Last time out it was history’s great literary satirists. Today we focus on more recent and contemporary satirists. They are presented in chronological order.
(June 25th 1903 – January 21st 1950)
George Orwell was vehemently opposed to totalitarianism. He used political satire to criticise Stalin’s rule in his allegorical novella, Animal Farm. Stalin’s representative in the book is the pig Napoleon. Orwell’s dystopian novel, Nineteen Eighty-Four, is a satirical political commentary on totalitarianism.
Aldous Huxley (July 26th 1894 – November 22nd 1963)
Huxley was one of the great intellectuals of his generation. His seminal work, Brave New World, is considered to be amongst the most influential novels of the 20th Century. It employs erudite social commentary to explore and satirise our obsession with consumption and technology.
(October 28th 1903 – April 10th 1966)
Waugh was a journalist and author, who was known for his humour and savage satirical wit. He is widely considered to be one of the greatest prose satirists of the 20th Century. Amongst his most famous works is the WWII trilogy Sword of Honour.
Dorothy Parker (August 22nd 1893 – June 7th 1967)
Critic, short story writer and poet Dorothy Parker was renowned for her sense of humour and satirising abilities. She was prone to satirising the middle classes. Satire of the humorous, sarcastic variety is present in much of her poetry, including Résumé and One Perfect Rose.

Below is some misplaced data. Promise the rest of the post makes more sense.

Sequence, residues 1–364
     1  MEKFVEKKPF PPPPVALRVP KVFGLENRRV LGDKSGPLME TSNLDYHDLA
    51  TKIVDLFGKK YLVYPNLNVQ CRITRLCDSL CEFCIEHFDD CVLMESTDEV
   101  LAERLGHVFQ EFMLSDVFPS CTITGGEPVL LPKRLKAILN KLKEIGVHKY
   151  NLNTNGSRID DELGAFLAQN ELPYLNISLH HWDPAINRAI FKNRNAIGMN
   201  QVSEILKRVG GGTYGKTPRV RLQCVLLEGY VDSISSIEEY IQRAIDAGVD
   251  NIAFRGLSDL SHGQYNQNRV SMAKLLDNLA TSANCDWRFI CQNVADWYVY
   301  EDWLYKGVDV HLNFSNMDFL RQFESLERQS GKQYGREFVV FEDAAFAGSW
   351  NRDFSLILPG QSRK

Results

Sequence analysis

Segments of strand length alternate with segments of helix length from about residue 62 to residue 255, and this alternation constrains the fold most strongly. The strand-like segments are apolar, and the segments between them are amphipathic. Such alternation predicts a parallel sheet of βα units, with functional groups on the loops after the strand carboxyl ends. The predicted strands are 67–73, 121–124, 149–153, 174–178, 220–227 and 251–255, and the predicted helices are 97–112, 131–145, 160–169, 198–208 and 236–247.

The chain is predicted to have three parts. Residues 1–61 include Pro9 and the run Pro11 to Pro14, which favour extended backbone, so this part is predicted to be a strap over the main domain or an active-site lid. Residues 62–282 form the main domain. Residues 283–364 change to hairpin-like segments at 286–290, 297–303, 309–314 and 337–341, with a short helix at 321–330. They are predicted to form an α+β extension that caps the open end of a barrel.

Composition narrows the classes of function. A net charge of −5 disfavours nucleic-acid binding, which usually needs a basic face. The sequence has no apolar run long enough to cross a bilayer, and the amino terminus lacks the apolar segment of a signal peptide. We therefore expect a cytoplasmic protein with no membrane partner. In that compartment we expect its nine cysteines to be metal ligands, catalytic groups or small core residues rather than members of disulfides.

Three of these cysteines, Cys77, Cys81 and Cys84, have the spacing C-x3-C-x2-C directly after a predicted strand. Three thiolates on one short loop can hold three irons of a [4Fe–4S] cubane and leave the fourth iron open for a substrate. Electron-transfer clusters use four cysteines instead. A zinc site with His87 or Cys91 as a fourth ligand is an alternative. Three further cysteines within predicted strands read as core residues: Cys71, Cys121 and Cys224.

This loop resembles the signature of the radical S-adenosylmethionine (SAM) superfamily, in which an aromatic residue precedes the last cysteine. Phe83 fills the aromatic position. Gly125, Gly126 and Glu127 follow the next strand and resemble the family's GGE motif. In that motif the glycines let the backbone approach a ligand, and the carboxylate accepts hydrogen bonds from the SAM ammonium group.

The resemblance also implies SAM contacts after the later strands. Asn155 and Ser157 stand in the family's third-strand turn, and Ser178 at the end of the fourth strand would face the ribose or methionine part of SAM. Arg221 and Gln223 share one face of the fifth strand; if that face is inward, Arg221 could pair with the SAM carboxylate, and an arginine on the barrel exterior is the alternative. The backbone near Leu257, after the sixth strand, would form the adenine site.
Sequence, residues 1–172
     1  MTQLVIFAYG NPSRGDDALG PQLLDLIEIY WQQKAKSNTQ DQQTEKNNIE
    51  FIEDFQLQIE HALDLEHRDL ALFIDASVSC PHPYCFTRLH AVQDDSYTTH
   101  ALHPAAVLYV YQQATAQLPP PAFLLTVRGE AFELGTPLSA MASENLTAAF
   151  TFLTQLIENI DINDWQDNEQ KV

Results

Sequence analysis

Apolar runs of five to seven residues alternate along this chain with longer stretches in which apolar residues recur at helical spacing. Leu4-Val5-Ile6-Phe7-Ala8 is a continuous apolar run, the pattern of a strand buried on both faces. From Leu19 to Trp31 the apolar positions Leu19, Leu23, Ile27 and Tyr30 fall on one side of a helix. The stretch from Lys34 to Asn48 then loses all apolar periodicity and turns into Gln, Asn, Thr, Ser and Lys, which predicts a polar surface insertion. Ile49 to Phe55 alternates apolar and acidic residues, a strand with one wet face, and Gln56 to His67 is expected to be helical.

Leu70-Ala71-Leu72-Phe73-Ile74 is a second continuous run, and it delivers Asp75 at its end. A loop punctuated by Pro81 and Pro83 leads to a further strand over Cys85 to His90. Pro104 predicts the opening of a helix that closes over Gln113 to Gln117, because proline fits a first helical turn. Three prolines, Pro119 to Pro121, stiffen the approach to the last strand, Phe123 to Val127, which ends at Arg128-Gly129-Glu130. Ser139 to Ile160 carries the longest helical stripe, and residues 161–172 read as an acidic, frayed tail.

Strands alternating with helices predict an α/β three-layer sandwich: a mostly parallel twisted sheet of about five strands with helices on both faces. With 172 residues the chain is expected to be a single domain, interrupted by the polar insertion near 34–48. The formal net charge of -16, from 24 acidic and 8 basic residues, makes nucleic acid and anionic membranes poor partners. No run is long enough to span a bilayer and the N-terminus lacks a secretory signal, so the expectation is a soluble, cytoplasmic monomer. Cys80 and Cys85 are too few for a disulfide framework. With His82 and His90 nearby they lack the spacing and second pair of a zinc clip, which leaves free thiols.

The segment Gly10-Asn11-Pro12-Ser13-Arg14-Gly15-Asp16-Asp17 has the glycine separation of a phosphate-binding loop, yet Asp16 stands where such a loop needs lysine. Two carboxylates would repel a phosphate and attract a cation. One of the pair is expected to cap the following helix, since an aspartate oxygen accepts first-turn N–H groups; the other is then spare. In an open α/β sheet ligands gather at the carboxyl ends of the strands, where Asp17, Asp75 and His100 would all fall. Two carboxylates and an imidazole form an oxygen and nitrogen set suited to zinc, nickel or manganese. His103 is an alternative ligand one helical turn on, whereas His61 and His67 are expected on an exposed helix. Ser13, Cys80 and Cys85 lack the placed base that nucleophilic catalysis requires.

P. G. Wodehouse (October 15th 1881 – February 14th 1975)
Author P. G. Wodehouse was a famous 20th Century humourist. He used parody and ridicule in his comic fiction to satirise elements within society, particularly the English upper classes. His characters though ridiculous are generally likeable.
Joseph Heller(May 1st 1923 – December 12th 1999)
Satirical novelist, short story writer and playwright Joseph Heller is best remembered for his novel Catch-22. The story is about a group of soldiers fighting in WWII. This absurdist work sees the author employing relentless ludicrousness to chastise warfare.
(November 11th 1922 – April 11th 2007)
Vonnegut was a prolific postmodern author, whose seminal work was the satirical, anti war themed Slaughterhouse-Five (1969). The book explores notions such as fate, free will, the meaning of life and the futility of war – serious messages that are coated with humour.
(April 28th 1948 – March 12th 2015)
Terry Pratchett was the author of the Discworld series of 41 novels. The fantasy series features satire of the comedic variety. Numerous issues facing contemporary society are explored, including politics, bribery, human behaviour and corruption, particularly with regards to the ruling elite.
Tom Wolfe (Born March 2nd 1931)
Journalist Tom Wolfe initially wrote only non-fiction, but later turned his hand to fiction. His first novel, The Bonfire of the Vanities (1987) is a satirical work whose themes include politics, ambition and greed. His third novel, I Am Charlotte Simmons, is replete with satirical wit.
(Born: February 21st 1962)
Palahniuk is a transgressive author whose writing is brimming with dark humour, lurid descriptions and satirical observations. Amongst his favourite subjects to satirise are the media-saturated nature of society, our obsession with celebrities and the fate of the American working class.
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